• Financial need: Many scholarships prioritize students with financial need. They consider academic ability and come from merit-based programs or offer assistance specifically to students from disadvantaged backgrounds, like foster care, or those struggling with homelessness.
    • Local scholarships: Look to your community for scholarship opportunities. Non-profit organizations, churches, and civic groups offer scholarships to promising local students, especially those involved with the organization or group.
    • Professional interest: If you know your major or career path early on, explore field-specific scholarships. Search engines and filters on scholarship websites can direct you to scholarships aligned with your interests, like STEM. Engineering firms might offer scholarships for engineering students, for example. AWIS is one such resource, as is Scholarships.com.
    • Unique scholarships: Some scholarships have very unique criteria. Explore options based on your interests and skills — like hiking, drawing, collecting specific items, sewing, or video games. There's even a scholarship based on height and others based on diet and nutrition.

    Leverage the Internet!

    We live in a digital world, right? So look to the social media platforms to start your search. Join these groups on social media (or look online):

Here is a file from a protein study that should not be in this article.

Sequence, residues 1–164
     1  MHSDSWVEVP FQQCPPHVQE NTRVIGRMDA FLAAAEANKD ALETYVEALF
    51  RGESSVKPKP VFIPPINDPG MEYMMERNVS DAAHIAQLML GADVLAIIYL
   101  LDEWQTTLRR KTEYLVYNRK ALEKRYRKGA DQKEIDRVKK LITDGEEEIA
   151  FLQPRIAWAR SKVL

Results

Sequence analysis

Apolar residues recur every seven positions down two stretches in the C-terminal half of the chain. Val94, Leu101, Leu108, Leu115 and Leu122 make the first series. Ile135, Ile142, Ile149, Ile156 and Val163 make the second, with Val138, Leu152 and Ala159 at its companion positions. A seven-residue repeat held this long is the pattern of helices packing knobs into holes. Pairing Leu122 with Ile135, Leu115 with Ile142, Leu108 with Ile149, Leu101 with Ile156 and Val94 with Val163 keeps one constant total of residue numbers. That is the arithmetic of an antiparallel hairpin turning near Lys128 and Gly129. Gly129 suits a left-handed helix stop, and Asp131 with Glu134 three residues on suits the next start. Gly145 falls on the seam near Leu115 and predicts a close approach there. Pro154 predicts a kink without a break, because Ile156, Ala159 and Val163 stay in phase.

Peace of Mind — and a Slightly Less Empty Wallet

    The average college tuition is climbing closes to $100,000 per year, driving a college degree out of reach for far too many people. Investing time in scholarship and grant research can be a game-changer for students and their families.

    Not only does this financial aid help relieve a significant financial burden by reducing college costs, it doesn't need to be repaid — unlike student loans. Access to scholarship and grant money allows you to widen your range of colleges, including private institutions that might have been out of reach without financial aid. More doors open to schools with stronger programs, better facilities, or more desirable locations, potentially impacting your educational experience and future career aspects.

    Many organizations award scholarships based on academic merit, extracurricular involvement, or overcoming challenges. Winning a scholarship becomes a huge confidence boost and validates all your hard work and accomplishments.

    The scholarship application process itself hones valuable skills. Researching opportunities, crafting essays, and meeting deadlines reinforces time management, organization, and communication skills — all transferrable skills that benefit you in college and future careers.

    While the research and application process can feel daunting, the potential rewards make it worthwhile. You and your family can form a team to divide and conquer, spending time on scholarship sites and social media — and keeping their ears open for local scholarship opportunities.

    Once you've found the right scholarships and applied, your chance of winning increases, especially if you're targeting opportunities you've uncovered off the beaten path!